This is the “willingness” section and shows if you've ever been late on an account, how much your payments are/were, what your past and present balances were/are, and whether you've ever exceeded your credit limit. Payment history is the single biggest factor when determining a credit score. It makes up 35 percent of your score.
That means up to 297 “points” can be awarded to your credit score since 35 percent of the maximum 850 is 297.
But what, exactly, is “late” when it comes to credit reporting? Being late means a payment that is more than 30+, 60+, 90+, and 120+ days late. It does not mean that if your car payment is due on the 15th and you paid it on the 16th then you had a late payment. Late payments will not hurt your credit score even up to 29 days past due.
Be forewarned; most revolving credit accounts will hit you with higher rates and penalties if you don't pay the minimum amount on or before your due date. But for the purposes of calculating a credit score for a mortgage application, the pain starts on day 31.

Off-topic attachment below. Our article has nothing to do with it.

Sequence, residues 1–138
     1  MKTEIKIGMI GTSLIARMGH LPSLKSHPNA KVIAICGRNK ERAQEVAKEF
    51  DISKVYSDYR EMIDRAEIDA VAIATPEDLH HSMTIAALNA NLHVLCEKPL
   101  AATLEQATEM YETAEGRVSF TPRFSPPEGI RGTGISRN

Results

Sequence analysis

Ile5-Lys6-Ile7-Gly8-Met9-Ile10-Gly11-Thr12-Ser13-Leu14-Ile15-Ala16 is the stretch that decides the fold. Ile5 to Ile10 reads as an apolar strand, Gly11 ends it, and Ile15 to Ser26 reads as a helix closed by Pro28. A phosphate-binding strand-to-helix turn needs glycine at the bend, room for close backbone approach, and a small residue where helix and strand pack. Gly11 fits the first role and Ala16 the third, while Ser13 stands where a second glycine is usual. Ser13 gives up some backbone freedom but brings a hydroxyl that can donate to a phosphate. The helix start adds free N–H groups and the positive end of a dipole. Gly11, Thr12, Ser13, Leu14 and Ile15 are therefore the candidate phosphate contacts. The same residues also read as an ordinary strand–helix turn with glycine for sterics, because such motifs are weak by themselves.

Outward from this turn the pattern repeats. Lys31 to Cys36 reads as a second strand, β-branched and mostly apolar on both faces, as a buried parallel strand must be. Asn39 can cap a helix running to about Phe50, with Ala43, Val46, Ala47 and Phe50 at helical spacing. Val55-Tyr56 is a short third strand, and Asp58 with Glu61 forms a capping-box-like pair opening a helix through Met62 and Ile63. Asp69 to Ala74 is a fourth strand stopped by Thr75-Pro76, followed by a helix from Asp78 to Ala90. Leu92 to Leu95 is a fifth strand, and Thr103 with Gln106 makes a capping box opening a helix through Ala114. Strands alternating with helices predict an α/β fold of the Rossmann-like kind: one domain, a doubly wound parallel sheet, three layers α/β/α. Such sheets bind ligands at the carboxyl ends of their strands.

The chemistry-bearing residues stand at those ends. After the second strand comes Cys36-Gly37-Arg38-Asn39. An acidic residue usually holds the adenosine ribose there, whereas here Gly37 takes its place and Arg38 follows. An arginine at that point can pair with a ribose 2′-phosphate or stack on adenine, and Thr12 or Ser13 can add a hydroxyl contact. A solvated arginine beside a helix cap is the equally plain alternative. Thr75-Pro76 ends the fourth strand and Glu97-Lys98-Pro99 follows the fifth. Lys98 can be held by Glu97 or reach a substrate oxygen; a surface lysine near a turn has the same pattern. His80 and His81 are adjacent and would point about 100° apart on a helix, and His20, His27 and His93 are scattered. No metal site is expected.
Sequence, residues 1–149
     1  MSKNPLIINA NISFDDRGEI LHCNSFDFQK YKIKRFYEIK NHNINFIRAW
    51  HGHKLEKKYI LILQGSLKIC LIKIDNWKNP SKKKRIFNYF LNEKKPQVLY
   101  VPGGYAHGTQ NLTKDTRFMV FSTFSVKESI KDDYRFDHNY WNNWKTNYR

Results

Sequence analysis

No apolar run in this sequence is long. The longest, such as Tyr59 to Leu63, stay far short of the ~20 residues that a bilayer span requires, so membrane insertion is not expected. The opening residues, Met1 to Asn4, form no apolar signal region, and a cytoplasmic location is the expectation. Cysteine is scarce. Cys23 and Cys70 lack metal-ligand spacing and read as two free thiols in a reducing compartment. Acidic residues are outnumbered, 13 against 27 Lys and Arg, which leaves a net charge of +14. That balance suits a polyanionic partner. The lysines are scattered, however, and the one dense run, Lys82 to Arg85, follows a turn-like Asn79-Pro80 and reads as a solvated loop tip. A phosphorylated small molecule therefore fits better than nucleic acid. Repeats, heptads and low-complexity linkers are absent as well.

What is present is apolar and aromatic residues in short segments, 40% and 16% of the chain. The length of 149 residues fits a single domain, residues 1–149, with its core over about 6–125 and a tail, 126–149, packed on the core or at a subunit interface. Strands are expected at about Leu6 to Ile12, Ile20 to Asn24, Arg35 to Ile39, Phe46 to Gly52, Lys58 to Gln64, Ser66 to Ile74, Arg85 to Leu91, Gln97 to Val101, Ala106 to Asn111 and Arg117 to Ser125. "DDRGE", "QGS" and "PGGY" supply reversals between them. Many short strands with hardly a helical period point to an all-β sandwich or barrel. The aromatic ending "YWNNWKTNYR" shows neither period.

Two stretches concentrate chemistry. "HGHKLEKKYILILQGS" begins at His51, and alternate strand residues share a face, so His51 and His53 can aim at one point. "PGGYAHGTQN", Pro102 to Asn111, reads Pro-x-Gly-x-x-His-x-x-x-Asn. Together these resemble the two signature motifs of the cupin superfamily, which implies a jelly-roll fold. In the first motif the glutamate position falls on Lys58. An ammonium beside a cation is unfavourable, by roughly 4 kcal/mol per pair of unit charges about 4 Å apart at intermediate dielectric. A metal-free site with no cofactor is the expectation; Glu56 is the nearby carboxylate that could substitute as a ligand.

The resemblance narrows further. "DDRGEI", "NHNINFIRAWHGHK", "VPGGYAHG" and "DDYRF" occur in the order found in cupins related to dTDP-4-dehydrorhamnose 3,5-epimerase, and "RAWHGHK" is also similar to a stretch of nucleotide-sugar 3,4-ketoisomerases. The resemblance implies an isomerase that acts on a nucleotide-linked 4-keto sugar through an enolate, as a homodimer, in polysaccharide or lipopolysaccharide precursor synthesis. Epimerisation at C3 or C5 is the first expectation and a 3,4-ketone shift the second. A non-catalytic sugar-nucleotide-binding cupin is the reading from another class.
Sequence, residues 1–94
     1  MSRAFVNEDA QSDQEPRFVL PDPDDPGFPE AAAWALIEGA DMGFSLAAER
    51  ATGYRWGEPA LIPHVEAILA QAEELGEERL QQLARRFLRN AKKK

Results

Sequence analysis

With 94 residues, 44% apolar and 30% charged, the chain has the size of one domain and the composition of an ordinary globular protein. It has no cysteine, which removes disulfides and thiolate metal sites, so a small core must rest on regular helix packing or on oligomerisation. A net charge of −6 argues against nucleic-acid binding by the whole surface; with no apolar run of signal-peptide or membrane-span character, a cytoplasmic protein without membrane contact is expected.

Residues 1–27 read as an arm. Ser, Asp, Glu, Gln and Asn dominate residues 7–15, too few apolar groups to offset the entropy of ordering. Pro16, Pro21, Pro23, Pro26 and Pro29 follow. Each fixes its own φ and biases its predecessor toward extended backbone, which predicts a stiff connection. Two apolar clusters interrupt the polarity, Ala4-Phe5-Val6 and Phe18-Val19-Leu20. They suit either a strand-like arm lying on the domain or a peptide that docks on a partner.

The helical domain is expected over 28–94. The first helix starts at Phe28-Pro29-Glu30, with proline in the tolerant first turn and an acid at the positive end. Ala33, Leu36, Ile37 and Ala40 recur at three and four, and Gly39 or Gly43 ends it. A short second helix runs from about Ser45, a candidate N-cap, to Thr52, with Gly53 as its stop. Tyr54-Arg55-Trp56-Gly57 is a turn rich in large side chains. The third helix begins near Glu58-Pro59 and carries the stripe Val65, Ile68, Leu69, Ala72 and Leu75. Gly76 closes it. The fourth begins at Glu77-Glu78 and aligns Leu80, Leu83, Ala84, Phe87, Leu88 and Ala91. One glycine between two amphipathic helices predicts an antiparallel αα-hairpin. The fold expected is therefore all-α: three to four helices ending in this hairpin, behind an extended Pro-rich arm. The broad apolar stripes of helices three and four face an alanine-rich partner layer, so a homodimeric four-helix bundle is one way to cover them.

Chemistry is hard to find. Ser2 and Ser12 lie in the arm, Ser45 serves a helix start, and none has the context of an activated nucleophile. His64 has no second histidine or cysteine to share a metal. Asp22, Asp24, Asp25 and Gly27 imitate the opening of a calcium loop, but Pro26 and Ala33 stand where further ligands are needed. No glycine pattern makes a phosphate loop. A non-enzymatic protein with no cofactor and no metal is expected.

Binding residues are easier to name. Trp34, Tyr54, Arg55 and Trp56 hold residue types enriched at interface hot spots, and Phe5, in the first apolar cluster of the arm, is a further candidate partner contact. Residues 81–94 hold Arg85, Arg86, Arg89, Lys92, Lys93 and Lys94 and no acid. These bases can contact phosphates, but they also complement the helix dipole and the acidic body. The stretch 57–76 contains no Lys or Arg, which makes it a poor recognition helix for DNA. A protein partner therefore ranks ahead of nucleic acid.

It also follows that your score will get hurt even more if you were more than 60 days past due compared to 30; 90 days past due compared to 60; and 120 days or more past due compared to 90. If your account got more than 120 days past due, then it's likely the account turned into a collection account, where the credit issuer has closed the account and is now trying to collect the balance owed.
A collection account will hurt your credit score more than a 120-day late payment. If collection efforts fail, then the credit grantor will likely “charge off” the account, which means it's given up on collecting directly. Then finally a business can take you to court and sue you to obtain a “judgment.”
A charge-off will hurt your score more than a collection. And a judgment will hurt your score more than a charge-off.